Friday , July 19 2019
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George Monbiot’s misunderstanding of mass transit

Summary:
George Monbiot wants us all to know that the car is the great threat to urban civilisation. It’s even possible that he’s got the beginnings of a point concerning urban air pollution and the internal combustion engine. As long as we ignore the pollutants - horse dung say - that accompanied every other previous technology.However, it’s in the prediction of what must be done about it that Monbiot really fails.Neither electric cars nor driverless cars will solve our problems. They take up as much space as fossil-powered vehicles. Electric cars are already triggering a series of environmental disasters, due to the rush for lithium, cobalt and nickel required to make their batteries. Driverless cars are likely to exacerbate congestion and accelerate climate breakdown, because of the energy

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George Monbiot wants us all to know that the car is the great threat to urban civilisation. It’s even possible that he’s got the beginnings of a point concerning urban air pollution and the internal combustion engine. As long as we ignore the pollutants - horse dung say - that accompanied every other previous technology.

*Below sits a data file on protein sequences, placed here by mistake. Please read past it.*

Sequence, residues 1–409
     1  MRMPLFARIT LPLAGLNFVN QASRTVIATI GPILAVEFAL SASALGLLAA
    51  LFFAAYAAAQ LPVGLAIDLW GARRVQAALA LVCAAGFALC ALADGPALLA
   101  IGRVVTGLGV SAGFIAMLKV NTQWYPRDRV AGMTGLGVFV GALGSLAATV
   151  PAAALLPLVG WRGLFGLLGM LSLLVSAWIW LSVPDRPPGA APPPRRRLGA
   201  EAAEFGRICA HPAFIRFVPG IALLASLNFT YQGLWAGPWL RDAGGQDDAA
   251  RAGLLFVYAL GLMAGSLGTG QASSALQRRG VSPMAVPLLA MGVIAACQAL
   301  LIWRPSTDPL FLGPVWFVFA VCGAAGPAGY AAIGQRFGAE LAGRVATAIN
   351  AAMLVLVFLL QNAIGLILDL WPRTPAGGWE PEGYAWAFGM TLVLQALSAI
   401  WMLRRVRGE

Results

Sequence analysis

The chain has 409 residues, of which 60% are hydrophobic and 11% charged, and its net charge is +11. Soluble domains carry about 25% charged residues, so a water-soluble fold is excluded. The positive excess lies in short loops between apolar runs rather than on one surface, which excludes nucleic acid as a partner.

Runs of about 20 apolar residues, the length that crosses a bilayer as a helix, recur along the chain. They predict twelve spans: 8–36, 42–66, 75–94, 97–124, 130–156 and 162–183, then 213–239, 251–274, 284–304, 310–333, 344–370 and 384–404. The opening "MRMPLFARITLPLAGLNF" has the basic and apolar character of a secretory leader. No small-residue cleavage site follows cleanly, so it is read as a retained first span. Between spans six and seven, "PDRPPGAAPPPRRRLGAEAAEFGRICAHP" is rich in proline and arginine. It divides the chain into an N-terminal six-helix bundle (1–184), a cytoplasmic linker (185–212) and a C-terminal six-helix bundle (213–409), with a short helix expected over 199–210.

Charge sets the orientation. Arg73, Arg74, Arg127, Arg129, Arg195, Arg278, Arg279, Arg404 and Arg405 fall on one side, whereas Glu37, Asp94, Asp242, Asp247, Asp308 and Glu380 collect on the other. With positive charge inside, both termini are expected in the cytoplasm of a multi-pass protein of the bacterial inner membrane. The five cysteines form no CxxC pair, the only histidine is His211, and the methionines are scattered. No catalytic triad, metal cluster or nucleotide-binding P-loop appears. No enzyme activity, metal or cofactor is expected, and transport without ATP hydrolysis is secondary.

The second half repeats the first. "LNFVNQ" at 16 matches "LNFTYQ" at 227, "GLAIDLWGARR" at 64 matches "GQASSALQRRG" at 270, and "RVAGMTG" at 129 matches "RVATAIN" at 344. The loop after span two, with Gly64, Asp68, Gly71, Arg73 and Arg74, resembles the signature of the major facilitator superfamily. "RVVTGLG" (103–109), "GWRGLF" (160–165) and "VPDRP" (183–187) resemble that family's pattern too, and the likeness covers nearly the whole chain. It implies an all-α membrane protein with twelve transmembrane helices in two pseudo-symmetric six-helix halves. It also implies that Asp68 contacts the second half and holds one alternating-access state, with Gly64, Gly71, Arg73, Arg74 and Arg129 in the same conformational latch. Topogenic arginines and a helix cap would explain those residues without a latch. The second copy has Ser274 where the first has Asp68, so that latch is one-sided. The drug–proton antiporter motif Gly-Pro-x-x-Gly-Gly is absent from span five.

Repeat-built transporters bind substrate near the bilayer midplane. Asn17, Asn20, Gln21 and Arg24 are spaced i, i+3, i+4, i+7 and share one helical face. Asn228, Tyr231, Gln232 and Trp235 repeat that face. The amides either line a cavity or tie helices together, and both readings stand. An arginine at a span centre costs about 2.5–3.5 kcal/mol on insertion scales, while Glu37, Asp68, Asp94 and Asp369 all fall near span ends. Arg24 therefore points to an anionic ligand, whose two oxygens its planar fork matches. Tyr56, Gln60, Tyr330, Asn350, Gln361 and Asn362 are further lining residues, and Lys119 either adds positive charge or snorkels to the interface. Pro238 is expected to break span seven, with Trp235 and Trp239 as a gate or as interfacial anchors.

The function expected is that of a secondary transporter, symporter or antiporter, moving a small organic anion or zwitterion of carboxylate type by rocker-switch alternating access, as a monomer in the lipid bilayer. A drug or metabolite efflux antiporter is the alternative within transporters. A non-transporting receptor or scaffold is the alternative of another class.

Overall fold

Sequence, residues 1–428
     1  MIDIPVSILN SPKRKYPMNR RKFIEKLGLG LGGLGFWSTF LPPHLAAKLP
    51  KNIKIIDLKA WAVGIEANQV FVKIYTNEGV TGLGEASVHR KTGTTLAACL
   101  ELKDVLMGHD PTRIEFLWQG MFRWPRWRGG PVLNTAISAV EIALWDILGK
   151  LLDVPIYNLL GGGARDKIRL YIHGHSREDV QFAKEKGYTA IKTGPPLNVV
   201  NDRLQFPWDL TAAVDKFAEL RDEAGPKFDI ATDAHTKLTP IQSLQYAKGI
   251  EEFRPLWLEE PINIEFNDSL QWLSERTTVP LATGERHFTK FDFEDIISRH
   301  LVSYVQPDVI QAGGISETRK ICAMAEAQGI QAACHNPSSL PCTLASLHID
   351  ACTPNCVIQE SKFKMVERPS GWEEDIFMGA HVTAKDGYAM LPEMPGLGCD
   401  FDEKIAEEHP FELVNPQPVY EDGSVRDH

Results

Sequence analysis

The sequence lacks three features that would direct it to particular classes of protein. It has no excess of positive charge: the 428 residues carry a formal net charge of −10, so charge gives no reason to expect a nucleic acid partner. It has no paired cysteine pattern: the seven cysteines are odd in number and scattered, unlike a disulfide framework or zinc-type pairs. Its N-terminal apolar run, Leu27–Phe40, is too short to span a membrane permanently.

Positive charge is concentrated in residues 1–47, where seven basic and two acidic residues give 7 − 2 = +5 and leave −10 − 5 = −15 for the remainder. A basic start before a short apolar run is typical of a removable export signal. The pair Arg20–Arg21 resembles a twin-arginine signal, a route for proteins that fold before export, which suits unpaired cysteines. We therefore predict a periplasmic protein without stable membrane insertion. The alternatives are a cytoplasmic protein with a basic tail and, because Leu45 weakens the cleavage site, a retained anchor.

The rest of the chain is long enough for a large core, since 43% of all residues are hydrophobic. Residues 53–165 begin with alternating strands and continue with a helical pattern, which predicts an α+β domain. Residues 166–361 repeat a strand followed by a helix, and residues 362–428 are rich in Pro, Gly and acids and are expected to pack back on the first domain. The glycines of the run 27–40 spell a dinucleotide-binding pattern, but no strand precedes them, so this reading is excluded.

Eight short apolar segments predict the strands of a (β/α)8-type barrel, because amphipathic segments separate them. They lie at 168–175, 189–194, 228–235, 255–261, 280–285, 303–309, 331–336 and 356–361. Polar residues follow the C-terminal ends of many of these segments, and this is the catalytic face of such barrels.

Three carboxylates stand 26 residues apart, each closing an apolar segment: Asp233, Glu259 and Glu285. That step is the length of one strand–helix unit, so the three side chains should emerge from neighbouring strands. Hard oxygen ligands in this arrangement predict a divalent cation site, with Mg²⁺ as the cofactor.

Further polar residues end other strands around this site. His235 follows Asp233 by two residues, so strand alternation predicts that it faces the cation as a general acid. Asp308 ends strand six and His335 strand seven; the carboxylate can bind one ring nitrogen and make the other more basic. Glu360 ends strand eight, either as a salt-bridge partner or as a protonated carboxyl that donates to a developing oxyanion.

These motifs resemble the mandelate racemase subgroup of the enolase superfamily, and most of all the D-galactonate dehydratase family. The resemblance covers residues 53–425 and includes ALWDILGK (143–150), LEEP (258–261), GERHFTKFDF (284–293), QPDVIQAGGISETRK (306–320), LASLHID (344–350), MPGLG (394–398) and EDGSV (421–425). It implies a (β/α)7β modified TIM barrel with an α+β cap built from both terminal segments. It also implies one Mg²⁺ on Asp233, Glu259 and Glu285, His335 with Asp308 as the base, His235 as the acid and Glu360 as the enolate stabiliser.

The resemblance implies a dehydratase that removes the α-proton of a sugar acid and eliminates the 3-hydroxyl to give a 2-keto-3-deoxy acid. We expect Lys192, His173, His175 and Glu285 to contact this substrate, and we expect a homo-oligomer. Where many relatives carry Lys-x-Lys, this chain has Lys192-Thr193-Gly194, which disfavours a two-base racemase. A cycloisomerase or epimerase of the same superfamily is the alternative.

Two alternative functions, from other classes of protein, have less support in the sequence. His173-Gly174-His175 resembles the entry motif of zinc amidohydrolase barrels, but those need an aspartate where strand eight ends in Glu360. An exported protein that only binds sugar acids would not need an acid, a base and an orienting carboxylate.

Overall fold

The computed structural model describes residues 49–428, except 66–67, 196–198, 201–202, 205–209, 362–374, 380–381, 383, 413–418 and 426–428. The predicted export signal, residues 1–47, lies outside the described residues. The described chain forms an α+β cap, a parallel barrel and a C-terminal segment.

However, it’s in the prediction of what must be done about it that Monbiot really fails.

Neither electric cars nor driverless cars will solve our problems. They take up as much space as fossil-powered vehicles. Electric cars are already triggering a series of environmental disasters, due to the rush for lithium, cobalt and nickel required to make their batteries. Driverless cars are likely to exacerbate congestion and accelerate climate breakdown, because of the energy demands of the data centres required to control them.

It makes far more sense to build electrified mass transit.

By electrified mass transit he means trams, light rail and full on trains of course. Which is really just an illustration of how conservative the right on are these days. Why would we want to use a 19th century technology in the 21st? Well, if it was still the best option then that would be fine. But what if we’ve developed something else, better?

Like, say, fleets of autonomous electric cars? We now no longer have terminus to terminus travel, we have point to point. Any point to any point. Electric means the emissions, whatever they still are, take place outside that urban centre. We seem to have ticked the boxes. So why, other than just an innate conservatism, the objection?

Or to put the point another way, what is it about a fleet of autonomous electric cars that makes it not electric mass transit?

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Tim Worstall
Tim Worstall is a British-born writer and Senior Fellow of the Adam Smith Institute. Worstall is a regular contributor to Forbes and the Register. He has also written for the Guardian, the New York Times, PandoDaily, the Daily Telegraph blogs, the Times, and The Wall Street Journal. In 2010 his blog was listed as one of the top 100 UK political blogs by Total Politics.

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